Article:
New Construction Numbers: Now Versus 2005

New Construction Numbers: Now Versus 2005 | Simplifying The Market

There is some thinking that the pace of the housing recovery is unsustainable and that we may be heading for another housing bubble. However, Jonathan Smoke, the Chief Economist of realtor.com explains the basic difference between 2005 and today:

“The havoc during the last cycle was the result of building too many homes and of speculation fueled by loose credit. That’s the exact opposite of what we have today.”

If we look at the number of new single family housing starts over the last 30 years, we can see that the numbers of housing starts during the current recovery (2012-Today) are still way below historic averages, and are far less than the numbers built during the run-up to the housing bubble (2002-2006).

New Construction Numbers: Now Versus 2005 | Simplifying The Market

A single family housing start is defined as “the number of permits issued for construction of new single family housing units. Housing starts are an important economic indicator due to its extensive spill over benefits for the other sectors of the economy (retail, manufacturing, utilities).”

Bottom Line

Current demand for housing actually calls for more new construction to be built – not less. We should at least return to historically normal levels.

Source: Real Estate News

Is the Current Pace of Home Sales Sustainable?

Is the Current Pace of Home Sales Sustainable? | Simplifying The Market

There are some experts questioning whether the current pace of residential home sales is sustainable. Are too many people buying homes like in 2004-2006? Are we headed for another housing crisis? Actually, if we look closely at the numbers, we can see that we are looking at a very healthy real estate market.

Why the concern?

Some are looking at the last three years of home sales and comparing them to the three years just prior to the housing bubble. Looking at the graph below, we can understand that thinking.

Is the Current Pace of Home Sales Sustainable? | Simplifying The Market

However, if we go further back in history, we can see the real picture. After taking out the “boom & bust” years, the pace of sales is growing at a quite natural pace.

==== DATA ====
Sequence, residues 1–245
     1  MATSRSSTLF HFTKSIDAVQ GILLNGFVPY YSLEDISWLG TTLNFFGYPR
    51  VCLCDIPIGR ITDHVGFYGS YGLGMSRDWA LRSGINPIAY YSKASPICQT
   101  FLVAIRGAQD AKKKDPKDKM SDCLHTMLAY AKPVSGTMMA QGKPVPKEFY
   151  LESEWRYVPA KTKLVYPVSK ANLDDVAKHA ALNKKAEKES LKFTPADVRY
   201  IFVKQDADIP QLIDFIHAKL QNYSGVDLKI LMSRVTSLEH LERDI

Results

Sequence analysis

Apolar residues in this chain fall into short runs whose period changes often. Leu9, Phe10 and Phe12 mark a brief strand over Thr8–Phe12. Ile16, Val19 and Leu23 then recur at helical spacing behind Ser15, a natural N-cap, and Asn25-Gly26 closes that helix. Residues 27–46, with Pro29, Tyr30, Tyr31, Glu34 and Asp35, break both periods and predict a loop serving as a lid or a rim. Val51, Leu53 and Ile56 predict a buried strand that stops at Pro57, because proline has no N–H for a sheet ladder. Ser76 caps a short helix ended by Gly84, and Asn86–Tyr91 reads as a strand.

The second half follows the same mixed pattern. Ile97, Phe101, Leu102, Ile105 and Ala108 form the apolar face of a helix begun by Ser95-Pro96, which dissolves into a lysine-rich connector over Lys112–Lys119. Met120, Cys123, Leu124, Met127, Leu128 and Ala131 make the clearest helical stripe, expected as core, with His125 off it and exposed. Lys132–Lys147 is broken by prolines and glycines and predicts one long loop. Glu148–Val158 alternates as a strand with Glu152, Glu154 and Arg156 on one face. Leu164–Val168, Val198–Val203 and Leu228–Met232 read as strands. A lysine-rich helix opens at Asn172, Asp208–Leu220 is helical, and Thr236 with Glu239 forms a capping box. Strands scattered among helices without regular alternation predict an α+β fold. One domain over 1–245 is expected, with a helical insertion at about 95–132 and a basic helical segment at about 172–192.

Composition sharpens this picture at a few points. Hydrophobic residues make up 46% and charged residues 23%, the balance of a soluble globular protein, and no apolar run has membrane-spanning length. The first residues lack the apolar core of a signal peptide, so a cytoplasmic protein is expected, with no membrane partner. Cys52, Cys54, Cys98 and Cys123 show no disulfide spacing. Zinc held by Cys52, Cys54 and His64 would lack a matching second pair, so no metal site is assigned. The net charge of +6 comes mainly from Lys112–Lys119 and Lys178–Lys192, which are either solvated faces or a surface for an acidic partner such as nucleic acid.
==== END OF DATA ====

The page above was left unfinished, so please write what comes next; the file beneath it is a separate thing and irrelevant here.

Is the Current Pace of Home Sales Sustainable? | Simplifying The Market

And new home sales are way below historic numbers. Trulia’s Chief Economist Ralph McLaughlin explains:

“Adjusted for population, [new home sales] are at about 63% of their fifty-year average level—way better than 2011, but nowhere near heated.”

Bottom Line

The current pace of residential home sales definitely seems sustainable.

Source: Real Estate News

5 Reasons to Sell This Fall

5 Reasons to Sell This Fall | Simplifying The Market

School is back in session, the holidays are right around the corner, you might not think that now is the best time to sell your house. But with inventory below historic numbers and demand still strong, you could be missing out on a great opportunity for your family.

Here are five reasons why you should consider selling your house this fall: 

1. Demand Is Strong

The latest Realtors’ Confidence Index from the National Association of Realtors (NAR) shows that buyer demand remains very strong throughout the vast majority of the country. These buyers are ready, willing and able to purchase… and are in the market right now!

Take advantage of the buyer activity currently in the market.

2. There Is Less Competition Now

According to NAR’s latest Existing Home Sales Report, the supply of homes for sale is still under the 6-month supply that is needed for a normal housing market at 4.7-months.

This means, in most areas, there are not enough homes for sale to satisfy the number of buyers in that market. This is good news for home prices. However, additional inventory is about to come to market.

There is a pent-up desire for many homeowners to move, as they were unable to sell over the last few years because of a negative equity situation. Homeowners are now seeing a return to positive equity as real estate values have increased over the last two years. Many of these homes will be coming to the market this fall.

Also, as builders regain confidence in the market, new construction of single-family homes is projected to continue to increase over the next two years, reaching historic levels by 2017. Last month’s new home sales numbers show that many buyers who have not been able to find their dream home within the existing inventory have turned to new construction to fulfill their needs.

The choices buyers have will continue to increase. Don’t wait until all this other inventory of homes comes to market before you sell.

3. The Process Will Be Quicker

Fannie Mae announced that they anticipate an acceleration in home sales that will surpass 2007’s pace. As the market heats up, banks will be inundated with loan inquiries causing closing-time lines to lengthen. Selling now will make the process quicker & simpler. 

4. There Will Never Be a Better Time to Move Up

If you are moving up to a larger, more expensive home, consider doing it now. Prices are projected to appreciate by 5.3% over the next year, according to CoreLogic. If you are moving to a higher-priced home, it will wind up costing you more in raw dollars (both in down payment and mortgage payment) if you wait.

According to Freddie Mac’s latest report, you can also lock-in your 30-year housing expense with an interest rate around 3.46% right now. Interest rates are projected to increase moderately over the next 12 months. Even a small increase in rate will have a big impact on your housing cost.